Max Barry is back in top form. This entertaining musing on the power of words may go to extremes to get it's point across but in a world drowning in con men disguised as salesmen this is exactly the modern parable we should celebrate.
A book born to be in audio form. I read the book years ago fresh and knowing the first person format of the writing I was intrigued how this would sound. It sounds amazing. Tender Branson. He may not be the hero America wants, but he's certainly the hero we're going to get.
This coming of age tale is something truly unique. The most fantastic aspects of the story are, funnily enough, the least engaging. The characters are never truly surprising and this is welcome because what they lack in spontaneity they drown in realism. The attention to detail and the love and care which all subjects are handled is something to be lauded. I often find books easily a number of adjectives for a good time but rarely so moving, and heartfelt as this unabashed meditation on growing up in a world without heroes.
In one word: Entertaining. I feel like this book was written specifically to appeal to me. It's as if someone knew everything I ever watched, played, read, or experienced and then was given a full time job pandering to my sensibilities. The thing I was most scared of was Wil Wheaton narrating and this is the thing that most pleasantly surprised me. A note for those eager to dismiss Wesley Crusher; he can read the hell out of a book!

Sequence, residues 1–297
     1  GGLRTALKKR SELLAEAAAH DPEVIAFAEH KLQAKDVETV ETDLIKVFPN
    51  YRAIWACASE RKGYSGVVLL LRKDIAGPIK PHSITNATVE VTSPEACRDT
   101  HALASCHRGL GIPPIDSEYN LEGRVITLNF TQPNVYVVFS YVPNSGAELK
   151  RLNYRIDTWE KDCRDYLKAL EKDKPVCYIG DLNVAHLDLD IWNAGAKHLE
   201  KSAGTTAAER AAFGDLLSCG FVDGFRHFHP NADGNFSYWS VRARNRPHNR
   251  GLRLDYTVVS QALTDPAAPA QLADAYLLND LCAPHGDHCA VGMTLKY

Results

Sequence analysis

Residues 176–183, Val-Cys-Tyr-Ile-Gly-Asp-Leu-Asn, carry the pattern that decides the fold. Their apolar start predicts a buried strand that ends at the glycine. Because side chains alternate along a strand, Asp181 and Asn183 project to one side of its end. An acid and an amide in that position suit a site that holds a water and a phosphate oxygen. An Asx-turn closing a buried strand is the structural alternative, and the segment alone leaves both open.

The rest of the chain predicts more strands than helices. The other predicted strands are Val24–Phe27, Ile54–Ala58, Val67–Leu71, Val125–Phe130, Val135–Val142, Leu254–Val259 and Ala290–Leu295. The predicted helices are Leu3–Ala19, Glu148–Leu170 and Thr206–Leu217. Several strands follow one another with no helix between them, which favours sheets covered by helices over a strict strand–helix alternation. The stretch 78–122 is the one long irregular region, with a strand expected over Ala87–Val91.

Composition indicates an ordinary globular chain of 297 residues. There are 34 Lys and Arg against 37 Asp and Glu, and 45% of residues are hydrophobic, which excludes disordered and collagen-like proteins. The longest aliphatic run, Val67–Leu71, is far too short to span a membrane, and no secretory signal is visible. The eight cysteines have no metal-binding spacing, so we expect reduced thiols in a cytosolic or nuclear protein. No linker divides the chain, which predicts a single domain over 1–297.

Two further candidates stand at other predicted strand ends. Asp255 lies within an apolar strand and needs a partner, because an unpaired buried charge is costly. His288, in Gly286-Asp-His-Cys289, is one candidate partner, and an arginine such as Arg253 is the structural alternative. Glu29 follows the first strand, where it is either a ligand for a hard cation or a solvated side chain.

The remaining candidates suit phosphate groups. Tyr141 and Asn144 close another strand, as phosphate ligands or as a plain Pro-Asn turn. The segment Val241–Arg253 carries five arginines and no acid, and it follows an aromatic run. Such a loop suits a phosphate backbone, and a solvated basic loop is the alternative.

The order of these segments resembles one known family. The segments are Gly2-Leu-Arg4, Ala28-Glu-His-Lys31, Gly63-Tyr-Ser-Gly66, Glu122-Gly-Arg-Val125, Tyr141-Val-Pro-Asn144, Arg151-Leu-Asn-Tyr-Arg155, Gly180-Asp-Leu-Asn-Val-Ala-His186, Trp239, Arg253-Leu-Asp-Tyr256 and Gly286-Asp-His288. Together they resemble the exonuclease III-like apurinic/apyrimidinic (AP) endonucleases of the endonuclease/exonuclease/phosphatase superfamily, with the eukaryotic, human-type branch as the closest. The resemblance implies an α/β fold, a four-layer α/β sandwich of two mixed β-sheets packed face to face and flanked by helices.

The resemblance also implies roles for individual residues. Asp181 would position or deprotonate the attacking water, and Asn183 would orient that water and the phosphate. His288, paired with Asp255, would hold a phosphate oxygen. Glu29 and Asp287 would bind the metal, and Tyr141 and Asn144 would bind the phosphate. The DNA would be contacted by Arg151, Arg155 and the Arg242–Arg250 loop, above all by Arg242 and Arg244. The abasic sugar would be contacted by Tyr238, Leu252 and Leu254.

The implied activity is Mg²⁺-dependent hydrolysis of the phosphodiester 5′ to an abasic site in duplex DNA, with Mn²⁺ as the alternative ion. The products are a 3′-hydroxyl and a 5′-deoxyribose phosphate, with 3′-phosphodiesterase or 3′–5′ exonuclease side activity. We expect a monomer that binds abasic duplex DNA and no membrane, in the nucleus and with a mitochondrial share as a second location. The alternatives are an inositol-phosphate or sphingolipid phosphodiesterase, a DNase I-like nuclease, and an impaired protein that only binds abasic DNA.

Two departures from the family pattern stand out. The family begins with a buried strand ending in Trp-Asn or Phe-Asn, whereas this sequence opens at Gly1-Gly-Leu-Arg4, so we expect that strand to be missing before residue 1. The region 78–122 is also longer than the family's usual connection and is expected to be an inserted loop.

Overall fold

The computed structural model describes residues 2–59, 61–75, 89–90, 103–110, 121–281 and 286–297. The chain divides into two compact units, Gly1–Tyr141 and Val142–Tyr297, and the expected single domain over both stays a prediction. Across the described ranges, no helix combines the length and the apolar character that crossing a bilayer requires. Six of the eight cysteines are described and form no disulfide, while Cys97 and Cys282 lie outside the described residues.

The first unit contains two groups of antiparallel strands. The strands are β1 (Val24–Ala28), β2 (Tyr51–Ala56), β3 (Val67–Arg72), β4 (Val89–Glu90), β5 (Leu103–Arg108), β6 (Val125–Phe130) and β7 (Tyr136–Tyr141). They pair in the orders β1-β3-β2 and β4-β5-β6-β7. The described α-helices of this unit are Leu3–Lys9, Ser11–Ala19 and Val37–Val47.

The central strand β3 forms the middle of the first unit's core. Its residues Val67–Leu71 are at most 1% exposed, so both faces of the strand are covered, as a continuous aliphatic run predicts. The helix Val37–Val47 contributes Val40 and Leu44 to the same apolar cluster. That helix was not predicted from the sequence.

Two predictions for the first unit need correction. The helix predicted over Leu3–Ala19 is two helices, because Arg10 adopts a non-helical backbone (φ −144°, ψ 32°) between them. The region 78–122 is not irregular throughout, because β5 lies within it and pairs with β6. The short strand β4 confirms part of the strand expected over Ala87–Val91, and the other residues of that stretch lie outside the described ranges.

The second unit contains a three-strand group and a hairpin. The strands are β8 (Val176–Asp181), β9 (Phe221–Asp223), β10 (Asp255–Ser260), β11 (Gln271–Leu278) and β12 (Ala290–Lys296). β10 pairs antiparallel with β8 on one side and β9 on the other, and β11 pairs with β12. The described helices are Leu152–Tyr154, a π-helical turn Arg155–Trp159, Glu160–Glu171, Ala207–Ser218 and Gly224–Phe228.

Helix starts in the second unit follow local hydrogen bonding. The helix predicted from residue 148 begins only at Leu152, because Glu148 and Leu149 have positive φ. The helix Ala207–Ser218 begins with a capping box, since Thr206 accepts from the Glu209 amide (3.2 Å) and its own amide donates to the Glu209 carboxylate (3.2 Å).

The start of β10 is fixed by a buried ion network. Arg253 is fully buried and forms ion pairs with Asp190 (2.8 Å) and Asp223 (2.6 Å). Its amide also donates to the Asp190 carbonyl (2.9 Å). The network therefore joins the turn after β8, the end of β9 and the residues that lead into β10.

I was downright terrified that some backwater idiot was going to read Hunters work to me in the weasel toned professorial way some of his other works have been handled. Not here. Here you'll get nothing but tough hard edging Phil Gigante being the behemoth his name implies. He channels the Doctors wit and charm and you can almost close your eyes and pretend the good Doctor never left us. Rest in Peace you doomed fool. You are gone but a man as unique as you will live on in the curses of wretched fools like Bush, Nixon, and their ilk for generations to come.
Dune is one of my favorite reads so it was with great caution that I picked up the audio book. This is a choice I would make again a hundred times. The presentation and care with which this work is handled is truly a labor of love and it can be heard in every performance. What you get here feels alive in a way that a Frank Herbert novel, that is normally so full of internal dialogue and exposition, never could on it's own.
In this love letter to the America of yesterday Stephen King captures the heart of the 60's and 70's. He shines a spotlight on the light and dark at a pivotal time in American history. You could see the seeds of today's tolerance being planted but you could see the all too real shadows of the darkness we were coming out of.
This is King at his best. Don't miss a chance to see the master weave a poignant hopeful tale with a heart as dark as night.
This tight, tense read is every bit as entertaining as it feels educational. This is a truly rare feat. I won't drone about the plot points, I will simply say that few books seem like they were written for the audio book format, and this one is a shining example of a book made better when heard.
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